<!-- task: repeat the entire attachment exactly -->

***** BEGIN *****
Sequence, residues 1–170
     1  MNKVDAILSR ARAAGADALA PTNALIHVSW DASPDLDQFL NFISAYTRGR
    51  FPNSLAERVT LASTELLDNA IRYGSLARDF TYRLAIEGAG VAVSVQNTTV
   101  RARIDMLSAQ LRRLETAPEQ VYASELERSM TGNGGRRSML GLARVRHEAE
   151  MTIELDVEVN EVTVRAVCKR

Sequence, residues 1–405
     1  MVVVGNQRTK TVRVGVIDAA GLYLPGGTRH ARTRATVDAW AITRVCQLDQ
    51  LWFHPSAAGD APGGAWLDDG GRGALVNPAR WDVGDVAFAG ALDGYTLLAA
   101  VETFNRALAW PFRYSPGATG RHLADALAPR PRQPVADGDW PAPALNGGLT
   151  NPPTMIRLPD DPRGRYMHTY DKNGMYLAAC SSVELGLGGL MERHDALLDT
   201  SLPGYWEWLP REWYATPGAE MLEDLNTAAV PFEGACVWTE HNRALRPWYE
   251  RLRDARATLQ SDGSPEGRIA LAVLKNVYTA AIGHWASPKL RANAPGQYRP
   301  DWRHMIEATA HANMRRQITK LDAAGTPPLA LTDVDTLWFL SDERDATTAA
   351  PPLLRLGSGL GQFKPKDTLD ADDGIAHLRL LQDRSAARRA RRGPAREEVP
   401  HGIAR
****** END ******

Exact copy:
Sequence, residues 1–170
     1  MNKVDAILSR ARAAGADALA PTNALIHVSW DASPDLDQFL NFISAYTRGR
    51  FPNSLAERVT LASTELLDNA IRYGSLARDF TYRLAIEGAG VAVSVQNTTV
   101  RARIDMLSAQ LRRLETAPEQ VYASELERSM TGNGGRRSML GLARVRHEAE
   151  MTIELDVEVN EVTVRAVCKR

Sequence, residues 1–405
     1  MVVVGNQRTK TVRVGVIDAA GLYLPGGTRH ARTRATVDAW AITRVCQLDQ
    51  LWFHPSAAGD APGGAWLDDG GRGALVNPAR WDVGDVAFAG ALDGYTLLAA
   101  VETFNRALAW PFRYSPGATG RHLADALAPR PRQPVADGDW PAPALNGGLT
   151  NPPTMIRLPD DPRGRYMHTY DKNGMYLAAC SSVELGLGGL MERHDALLDT
   201  SLPGYWEWLP REWYATPGAE MLEDLNTAAV PFEGACVWTE HNRALRPWYE
   251  RLRDARATLQ SDGSPEGRIA LAVLKNVYTA AIGHWASPKL RANAPGQYRP
   301  DWRHMIEATA HANMRRQITK LDAAGTPPLA LTDVDTLWFL SDERDATTAA
   351  PPLLRLGSGL GQFKPKDTLD ADDGIAHLRL LQDRSAARRA RRGPAREEVP
   401  HGIAR